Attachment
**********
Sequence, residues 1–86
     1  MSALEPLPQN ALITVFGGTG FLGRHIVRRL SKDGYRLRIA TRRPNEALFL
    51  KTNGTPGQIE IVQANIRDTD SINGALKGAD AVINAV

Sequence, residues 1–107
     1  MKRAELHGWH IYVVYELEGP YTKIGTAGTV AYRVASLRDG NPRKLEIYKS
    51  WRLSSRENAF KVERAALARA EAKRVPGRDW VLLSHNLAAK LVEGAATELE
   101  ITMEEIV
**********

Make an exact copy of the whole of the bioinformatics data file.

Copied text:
Sequence, residues 1–86
     1  MSALEPLPQN ALITVFGGTG FLGRHIVRRL SKDGYRLRIA TRRPNEALFL
    51  KTNGTPGQIE IVQANIRDTD SINGALKGAD AVINAV

Sequence, residues 1–107
     1  MKRAELHGWH IYVVYELEGP YTKIGTAGTV AYRVASLRDG NPRKLEIYKS
    51  WRLSSRENAF KVERAALARA EAKRVPGRDW VLLSHNLAAK LVEGAATELE
   101  ITMEEIV